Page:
View on CodePen.

This is a really simple example, but already we're in a situation where we have to create 2 variables for 2 buttons, add click handlers, then increment/decrement the count based on which gets clicked and update the output text. It's getting verbose, and we have duplicate code for setting the output text. We could refactor that into a single function or make "The count is at:" a string variable so we only have 1 place to update it. Now in small projects this is completely fine, but as projects grow in complexity it gets harder and harder to maintain and reason about your code.

Programming declaratively means instead of telling the computer what to do, you write code that describes the desired output or result, and let the computer figure out how to produce that result. Stating what the HTML should look like in each state of your UI based on the variables you have. This way of programming becomes significantly more useful the more UI elements and different pieces of state you need your UI elements to handle.

Here's that same example of an increment and decrement number counter done in React.

import React, {useState} from '' import ReactDOM from '' function App() { const [count, setCount] = useState(0); return ( <> <button onClick={() => setCount(count + 1)}> Increment </button> <output>The count is at {count}</output> <button onClick={() => setCount(count - 1)}> Decrement </button> </> ); } ReactDOM.render(<App />, document.getElementById("root"))

View on CodePen.

Without any prior React experience you can probably already intuit a bit of what this code does even if you don't understand how to write it. The const is our count variable, there's code that looks like our HTML, the buttons even have onClick events that just increase or decrease the count variable.

In React you write HTML-like code called JSX (JSX literally means JavaScript XML, but you can think of JSX as "fancy HTML in JavaScript"). In JSX you define the structure of your UIs through components, then react takes care of managing state and updates your UI automatically as the state changes. You don't write or need to think about DOM (Document Object Model) manipulation, element selectors, and do I use .innerHTML here or .textContent?  By taking that responsibility off your shoulders that allows you to write more concise, reusable and maintainable code.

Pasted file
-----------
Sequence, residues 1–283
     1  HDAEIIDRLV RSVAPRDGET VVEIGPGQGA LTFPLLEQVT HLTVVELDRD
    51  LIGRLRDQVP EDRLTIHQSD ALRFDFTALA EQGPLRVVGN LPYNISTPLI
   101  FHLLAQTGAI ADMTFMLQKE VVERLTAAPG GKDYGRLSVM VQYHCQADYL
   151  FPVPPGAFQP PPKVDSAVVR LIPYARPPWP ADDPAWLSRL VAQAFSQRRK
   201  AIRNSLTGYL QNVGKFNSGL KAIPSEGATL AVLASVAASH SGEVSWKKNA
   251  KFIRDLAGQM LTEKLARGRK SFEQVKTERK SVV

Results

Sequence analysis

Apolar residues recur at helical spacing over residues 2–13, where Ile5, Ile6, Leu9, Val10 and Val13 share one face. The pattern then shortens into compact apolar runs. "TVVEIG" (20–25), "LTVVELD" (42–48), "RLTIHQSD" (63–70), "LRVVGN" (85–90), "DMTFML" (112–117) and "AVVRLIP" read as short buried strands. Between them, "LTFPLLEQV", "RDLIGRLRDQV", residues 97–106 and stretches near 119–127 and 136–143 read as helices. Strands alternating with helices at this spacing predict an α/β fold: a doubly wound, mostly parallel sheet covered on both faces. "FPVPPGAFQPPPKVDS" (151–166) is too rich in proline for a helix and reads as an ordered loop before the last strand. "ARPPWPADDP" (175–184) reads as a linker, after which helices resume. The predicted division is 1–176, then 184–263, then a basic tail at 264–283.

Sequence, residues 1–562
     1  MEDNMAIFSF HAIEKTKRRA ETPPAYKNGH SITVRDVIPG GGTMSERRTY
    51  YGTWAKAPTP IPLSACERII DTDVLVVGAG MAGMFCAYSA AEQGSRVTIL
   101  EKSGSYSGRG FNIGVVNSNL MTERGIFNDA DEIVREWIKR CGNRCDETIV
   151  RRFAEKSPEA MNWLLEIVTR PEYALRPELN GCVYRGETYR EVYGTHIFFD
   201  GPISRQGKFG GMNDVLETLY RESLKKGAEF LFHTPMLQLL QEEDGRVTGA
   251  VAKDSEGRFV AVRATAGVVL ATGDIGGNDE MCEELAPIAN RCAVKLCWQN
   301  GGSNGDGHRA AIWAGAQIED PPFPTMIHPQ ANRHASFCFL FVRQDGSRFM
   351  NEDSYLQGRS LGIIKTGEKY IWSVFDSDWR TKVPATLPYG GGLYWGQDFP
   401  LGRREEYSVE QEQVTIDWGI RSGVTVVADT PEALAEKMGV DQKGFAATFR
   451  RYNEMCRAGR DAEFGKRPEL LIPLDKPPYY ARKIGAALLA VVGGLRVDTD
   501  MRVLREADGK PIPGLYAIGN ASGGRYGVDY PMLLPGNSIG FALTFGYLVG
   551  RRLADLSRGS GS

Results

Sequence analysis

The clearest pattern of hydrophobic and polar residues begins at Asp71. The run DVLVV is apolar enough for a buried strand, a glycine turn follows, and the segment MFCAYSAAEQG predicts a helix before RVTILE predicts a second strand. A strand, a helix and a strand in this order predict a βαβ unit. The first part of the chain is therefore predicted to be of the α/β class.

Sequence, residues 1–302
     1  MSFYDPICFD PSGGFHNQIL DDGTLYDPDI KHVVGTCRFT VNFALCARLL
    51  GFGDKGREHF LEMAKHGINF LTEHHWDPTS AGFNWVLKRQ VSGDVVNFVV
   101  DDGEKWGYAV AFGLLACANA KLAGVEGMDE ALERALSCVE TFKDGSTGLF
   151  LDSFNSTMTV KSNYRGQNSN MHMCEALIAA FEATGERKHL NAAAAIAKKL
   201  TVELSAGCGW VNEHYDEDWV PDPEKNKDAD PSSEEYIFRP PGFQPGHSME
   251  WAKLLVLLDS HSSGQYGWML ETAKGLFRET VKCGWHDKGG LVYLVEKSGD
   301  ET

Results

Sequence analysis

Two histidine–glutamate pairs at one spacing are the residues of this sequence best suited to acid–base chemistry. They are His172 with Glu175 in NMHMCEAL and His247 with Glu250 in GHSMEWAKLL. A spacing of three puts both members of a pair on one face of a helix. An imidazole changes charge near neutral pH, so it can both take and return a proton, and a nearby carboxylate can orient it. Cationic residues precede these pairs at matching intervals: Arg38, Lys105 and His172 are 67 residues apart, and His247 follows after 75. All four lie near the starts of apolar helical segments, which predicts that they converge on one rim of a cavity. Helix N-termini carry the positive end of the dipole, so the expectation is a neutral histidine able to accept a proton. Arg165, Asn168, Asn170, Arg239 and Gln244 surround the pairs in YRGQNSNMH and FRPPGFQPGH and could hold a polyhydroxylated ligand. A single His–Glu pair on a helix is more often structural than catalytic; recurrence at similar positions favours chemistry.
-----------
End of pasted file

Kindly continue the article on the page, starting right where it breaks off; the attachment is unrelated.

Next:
There are some key differences between HTML and JSX that you should know. HTML doesn't require every element to be closed <img src="">, JSX does, <img src=""/>.  

JSX is still JavaScript - which means JavaScript and variables can be intermingled with your HTML-like markup. If you've been building with HubL or any other server-side templating language this intermingling of HTML, your variables, and logic, should feel familiar. Same idea - but on the front-end.

What's a component?

A React component is a reusable piece of code that describes the structure, and behavior of a part of a user interface in a web app or website. Components are abstractions that make writing and describing complicated structures in your code easier. For me personally, what helps is relating them to what I already know.

React components are similar to HTML elements, HubSpot modules in CMS, and native web components - in an increasing fashion in that order.